While Labor Day isn’t until September (and is traditionally celebrated more for its long weekend than its supposed recognition of workers’ rights), May Day is the real deal. Called International Workers’ Day, it’s also the date of Space directors Stewart Bird and Deborah Shaffer’s free screening of the 1979 documentary “The Wobblies.”
Presented by Space, alongside the Southern Maine Labor Council and Southern Maine Workers’ Center, “The Wobblies” explores the founding, principles and lasting legacy of the Industrial Workers of the World (aka the IWW, or The Wobblies). Founded in Chicago in 1905, this labor union was a broad and influential movement to organize all workers against exploitation and unfair employer practices. Unlike the more traditional American Federation of Labor (AFL), the IWW accepted all workers, regardless of occupation or – what was most revolutionary and menacing at the time – race, gender or labor status. ‘immigrant.
The film interviews still-feisty Wobblies half a century after the IWW was brought down by government and industrial persecution and even violence. This is not surprising, since the mission statement of the IWW is quite clear about the main cause of the suffering of the vast majority of people in the world: “The working class and the employing class have nothing in common. There can be no peace as long as there is hunger and want among millions of working people, and the few, who make up the employing class, have all the finer things in life.
Unequivocal things and sentiments that remain relevant at a time when, to take just one example, corporate profits during a multi-year pandemic have grown exponentially while real wages (wages adjusted to inflation) have fallen. Oh, and where huge, incredibly successful employers (like Amazon and Starbucks) are currently engaged in very public efforts to discredit, discourage, and retaliate against employee efforts to unionize for better wages and conditions.
So, workers (and moviegoers) around the world, unite! Here are the best films about workers, unions and sticking it to the man.
“Matwan” (1987, available at the Portland Public Library). Maverick indie director John Sayles has created the most moving and heroic portrayal of the American labor movement in this wonderfully acted multi-character story about a United Mine Workers organizer (the great Chris Cooper, in his early days) tempting to unionize the miners of West Virginia in 1920. Based on a true story (which, to top it off, is known to this day as the Matewan Massacre), “Matewan” is a sadly overlooked American classic. (The famed Criterion Collection finally released a deluxe edition of the film in 2019. I have mine.)
While the IWW are mentioned, the Wobblies were on the verge of leaving at the time, with Cooper’s Joe Kenehan blaming the union’s nosy miners for excluding both Italian and black workers (brought in as unwitting scabs) who want to join them. There is no more moving scene in the movies than when the stranger Kenehan stands up to a room full of armed white miners to blame them for disrespectfully rejecting the efforts of the brave and formidable miner James Earl Jones. Navigating the volatile situation with the passion of a speaker, Cooper’s Kenehan sums it up perfectly: working, and those who don’t. A masterpiece any time of the year.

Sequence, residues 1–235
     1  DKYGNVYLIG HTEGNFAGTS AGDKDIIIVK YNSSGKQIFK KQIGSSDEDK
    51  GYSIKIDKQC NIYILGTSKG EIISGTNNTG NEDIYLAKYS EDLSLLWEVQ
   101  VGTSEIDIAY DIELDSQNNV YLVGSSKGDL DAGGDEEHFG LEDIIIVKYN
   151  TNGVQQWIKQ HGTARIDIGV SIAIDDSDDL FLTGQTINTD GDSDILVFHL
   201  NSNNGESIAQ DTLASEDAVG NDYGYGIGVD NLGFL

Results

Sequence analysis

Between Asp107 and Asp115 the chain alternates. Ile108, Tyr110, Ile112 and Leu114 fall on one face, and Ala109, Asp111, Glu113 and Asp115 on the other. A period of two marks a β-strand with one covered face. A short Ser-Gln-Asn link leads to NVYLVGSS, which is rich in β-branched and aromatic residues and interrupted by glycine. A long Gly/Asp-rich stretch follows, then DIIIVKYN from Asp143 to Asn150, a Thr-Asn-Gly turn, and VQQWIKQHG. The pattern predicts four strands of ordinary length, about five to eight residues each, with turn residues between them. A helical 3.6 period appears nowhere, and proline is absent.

“Bread and Roses” (2000, available at the Portland Public Library). Controversial and outspoken British director Ken Loach was just the filmmaker to tackle those same issues, updated and transplanted into the underclass of Mexican goalkeepers in Los Angeles. Two years before his Best Actor Oscar, Adrien Brody plays a live-action union organizer who approaches undocumented immigrant Pilar Padilla to form a union for her and her horribly underpaid and abused janitors. There’s a hint of a charming little romance in the film, but Loach, a lifelong idealist and pragmatist himself, remains focused on Padilla’s many heartbreaking conflicts as she deals with it all. , of a sleazy supervisor preying on undocumented workers with no options (George Lopez comic strip, which is excellent), dangerous and degrading conditions, and, most evocatively, the divisions of race, class and family that make her position an apparent failure no matter what she chooses. As in the better-known pro-union film “Norma Rae”, there is a big scene where Maya de Padilla reminds the well-meaning but privileged outsider (thanks to his gender, color and status) that, even if they may be on the same side, she has much, much more to lose than he does.
“Pride” (2014, available on Amazon Prime). Based on real events from 1984 in Britain, this unlikely real-life story of unity depicts the time when a group of LGBTQ activists teamed up with Welsh miners. A group of great British actors (Imelda Staunton, Bill Nighy, Andrew Scott, Paddy Considine) show how two oppressed but very different groups have managed to form a bond based on the progressive understanding that there are forces in this world that depend on people they variously exploit being at each other’s throats. A feel-good film with some very serious points to make, “Pride” is cautiously optimistic about people’s willingness to find some common ground in the face of systemic persecution. This is why films about unions (and unions themselves) can seem so threatening – to certain interests.
“The Wobblies” screens at Portland’s Space Sunday at 7 p.m. The screening is free, but people are advised to RSVP.
Dennis Perkins lives in Auburn with his wife and cat.
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